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Stop the #&%! Complaining!

Updated: Oct 12, 2020

Start off fearing and dreading the day and you have set yourself up for failure


There have been countless studies on the importance of being positive, but in the year of 2020, it can be difficult. Most veterinary hospitals have experienced major disruptions in the way they operate daily. While most hospitals are experiencing record setting high caseloads, others are struggling to keep their doors open. Starting off the day with positive thoughts is the first step to having a good day. But how do we do that, especially now?


Stop the #$&! Complaining in the Morning

We walk into our hospitals and the dread of the day begins. We hear statements such as:

“I can’t believe another surgery got scheduled. We will be stuck here late.”

“I knew he’d call out again. He’s always calling out. Why does he even work here?!”

“Oh no! Hershey is coming in again!? His owner is going to take up at least an hour of our time.”

“I’m so sick and tired of this weather.”

“Ugh, I’m exhausted and it’s only 7:05 in the morning.”

Often these are the many statements first made as team members wearily cross into the threshold of the hospital. Heads are down, audible moans are produced and negative statements are made.

“Imagine coming in to a workplace where people are happy”

It Starts The Moment You Wake up

The alarm goes off and your first thoughts are how you do not want to go to work. You step out of bed and let out a moan as you shuffle to the bathroom. You start thinking about your work day. You start worrying about your work day.

“I hope Caitlyn doesn’t call out again.”

“No one better have scheduled any extra surgeries.”

“I am not dealing with Mrs. Jackson today. I don’t have the energy.”

You have not even started your work day and you are dreading the day, fearing what may happen and angry about situations that have not even occurred yet.

There have been many suggestions written on how to wake up and start off with more positive thoughts. Some suggest waking up and thinking about three positive affirmations or writing three things down you are grateful for before you get out of bed. For me, I’m a more visual person. I need a visual reminder of something that makes me smile and provides me happy thoughts.

Bring Out the Sticky Notes!

Write down a word or phrase of something that makes you smile and put it on one of the first things you see, your phone, alarm clock or bathroom door. For some of us that could be the top of a toilet! By seeing the word or phrase you wrote down you will produce a happy thought. This happy thought will release chemicals such as serotonin and dopamine into your brain that will produce more happiness.

Imagine waking up. You stumble to the bathroom and there on the door it says “Reese’s Peanut Butter Cup” or “My Cat McFluffers” or “My Son.” Take a look at that note, think about the thing that makes you happ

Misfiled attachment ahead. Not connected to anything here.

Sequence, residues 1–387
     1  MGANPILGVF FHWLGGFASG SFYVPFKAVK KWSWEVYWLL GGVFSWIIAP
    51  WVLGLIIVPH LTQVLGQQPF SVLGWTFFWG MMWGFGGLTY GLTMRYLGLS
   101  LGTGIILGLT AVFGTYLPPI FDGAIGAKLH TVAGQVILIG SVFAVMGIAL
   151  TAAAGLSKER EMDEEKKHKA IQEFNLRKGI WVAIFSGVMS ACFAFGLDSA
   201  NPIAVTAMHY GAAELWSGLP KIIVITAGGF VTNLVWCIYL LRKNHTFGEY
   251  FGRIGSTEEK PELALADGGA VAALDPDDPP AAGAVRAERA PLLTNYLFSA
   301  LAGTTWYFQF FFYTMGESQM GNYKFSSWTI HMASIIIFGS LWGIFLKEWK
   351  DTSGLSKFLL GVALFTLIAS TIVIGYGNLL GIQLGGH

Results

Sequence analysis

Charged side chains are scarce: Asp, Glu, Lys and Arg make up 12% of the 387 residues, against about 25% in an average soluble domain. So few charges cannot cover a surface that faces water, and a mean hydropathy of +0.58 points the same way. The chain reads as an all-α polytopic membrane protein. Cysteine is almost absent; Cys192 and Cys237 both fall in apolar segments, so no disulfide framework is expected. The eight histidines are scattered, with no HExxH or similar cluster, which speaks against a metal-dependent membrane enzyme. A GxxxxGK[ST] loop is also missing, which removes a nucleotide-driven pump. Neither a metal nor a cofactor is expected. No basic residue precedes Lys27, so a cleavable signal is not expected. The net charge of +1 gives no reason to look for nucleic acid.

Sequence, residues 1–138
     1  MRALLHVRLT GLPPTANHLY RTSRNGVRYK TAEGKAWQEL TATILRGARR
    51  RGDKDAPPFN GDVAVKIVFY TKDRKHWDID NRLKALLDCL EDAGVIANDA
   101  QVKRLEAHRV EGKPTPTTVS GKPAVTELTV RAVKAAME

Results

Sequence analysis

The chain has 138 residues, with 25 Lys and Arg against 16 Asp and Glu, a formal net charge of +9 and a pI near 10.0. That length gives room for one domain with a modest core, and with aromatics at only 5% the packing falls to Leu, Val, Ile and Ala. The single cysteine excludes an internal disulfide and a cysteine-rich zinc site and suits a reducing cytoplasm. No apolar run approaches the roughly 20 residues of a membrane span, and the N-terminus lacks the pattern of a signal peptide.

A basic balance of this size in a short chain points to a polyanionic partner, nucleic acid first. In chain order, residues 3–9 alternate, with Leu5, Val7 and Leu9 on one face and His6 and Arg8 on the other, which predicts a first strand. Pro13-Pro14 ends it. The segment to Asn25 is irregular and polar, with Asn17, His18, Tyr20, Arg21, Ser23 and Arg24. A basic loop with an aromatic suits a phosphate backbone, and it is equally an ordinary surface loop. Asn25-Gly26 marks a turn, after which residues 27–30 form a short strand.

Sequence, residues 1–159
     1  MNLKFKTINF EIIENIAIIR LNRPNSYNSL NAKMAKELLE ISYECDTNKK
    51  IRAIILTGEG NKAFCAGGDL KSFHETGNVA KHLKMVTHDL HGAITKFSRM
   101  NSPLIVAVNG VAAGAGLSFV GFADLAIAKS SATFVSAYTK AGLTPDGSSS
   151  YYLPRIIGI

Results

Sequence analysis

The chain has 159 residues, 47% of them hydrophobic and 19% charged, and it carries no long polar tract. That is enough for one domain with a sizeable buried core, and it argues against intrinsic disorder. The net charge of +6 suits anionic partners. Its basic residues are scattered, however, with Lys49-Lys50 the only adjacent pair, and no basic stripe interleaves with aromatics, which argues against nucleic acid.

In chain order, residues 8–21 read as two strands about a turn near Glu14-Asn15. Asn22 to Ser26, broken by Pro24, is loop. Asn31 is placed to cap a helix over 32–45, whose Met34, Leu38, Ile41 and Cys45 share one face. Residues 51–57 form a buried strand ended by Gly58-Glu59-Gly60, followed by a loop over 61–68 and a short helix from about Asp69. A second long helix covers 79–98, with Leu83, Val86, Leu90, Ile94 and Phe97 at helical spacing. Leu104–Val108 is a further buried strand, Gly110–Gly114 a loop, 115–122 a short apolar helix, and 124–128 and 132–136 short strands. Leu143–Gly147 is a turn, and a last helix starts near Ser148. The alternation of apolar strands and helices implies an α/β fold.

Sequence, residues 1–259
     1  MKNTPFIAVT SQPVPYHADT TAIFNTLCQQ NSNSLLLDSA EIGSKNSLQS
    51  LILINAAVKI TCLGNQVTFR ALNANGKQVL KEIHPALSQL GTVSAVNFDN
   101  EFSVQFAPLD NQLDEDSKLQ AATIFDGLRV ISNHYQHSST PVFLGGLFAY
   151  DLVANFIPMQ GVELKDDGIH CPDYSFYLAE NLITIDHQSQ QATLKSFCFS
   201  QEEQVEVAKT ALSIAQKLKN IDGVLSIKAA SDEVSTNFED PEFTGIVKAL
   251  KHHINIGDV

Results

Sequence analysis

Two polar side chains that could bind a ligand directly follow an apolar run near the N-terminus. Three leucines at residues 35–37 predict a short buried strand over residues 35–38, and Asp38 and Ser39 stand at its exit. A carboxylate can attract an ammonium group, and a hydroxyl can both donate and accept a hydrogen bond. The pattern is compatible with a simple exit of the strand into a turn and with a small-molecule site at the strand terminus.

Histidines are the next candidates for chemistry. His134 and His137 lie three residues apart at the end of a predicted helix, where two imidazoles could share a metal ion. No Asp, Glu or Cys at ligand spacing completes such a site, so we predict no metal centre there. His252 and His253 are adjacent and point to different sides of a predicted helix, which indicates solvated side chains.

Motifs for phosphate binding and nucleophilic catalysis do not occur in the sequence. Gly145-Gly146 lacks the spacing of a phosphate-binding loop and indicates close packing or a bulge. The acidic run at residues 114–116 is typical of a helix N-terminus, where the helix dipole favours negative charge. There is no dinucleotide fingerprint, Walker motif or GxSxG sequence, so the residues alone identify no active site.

y and smile. It’s hard to start the day off negatively if you are thinking about chocolate. A study in 2012 out of the University of Kansas showed that a smile produced both positive physiological and psychological benefits especially during times of stress. Starting the day off with a smile is important for us to be able to set our day up for success.

Now Challenge the Team

Once you learn how to start your day off with a smile, it is time to talk to the team about the importance of starting the day off on a positive note. Challenge your team not be negative for the first 30 minutes of the day. If you think that will be exceedingly difficult, start with a 10-minute challenge and slowly work up to 30 minutes. Imagine if you came into work, and instead of the team talking about how miserable they were, they smiled and laughed?

Yes, there are exceptions to the rule. If someone’s child is sick or someone was in a car accident, then complaining is allowed. In most hospitals, however, the complaining has to do with staff who do not want to be there, dread the day, worry about a patient, or gossip about other team members.

Leadership needs to ensure the success of the challenge. In hospitals where this is most successful, I find that the employees hold each other accountable. If someone starts to complain about the weather only seven minutes into the shift, another employee will say, “Sorry, but you have to wait another 23 minutes before you can complain about the weather.” It usually gets a good laugh and reminds people that they are trying to start off positive.

Teams that have been successful with this challenge have seen a decrease in overall negativity throughout the rest of the day. After 30 minutes teams are well into their day and, because it wasn’t set up with dread and anxiety, the negativity throughout the rest of the day decreases.

It is so simple but so powerful. If we start the day off with negative conversations, we will be exhausted even before we see the first client. If we start off with positivity we smile more and have a better day.

Accept the challenge.


Check out the full podcast at: https://www.vetteamtraining.com/podcast

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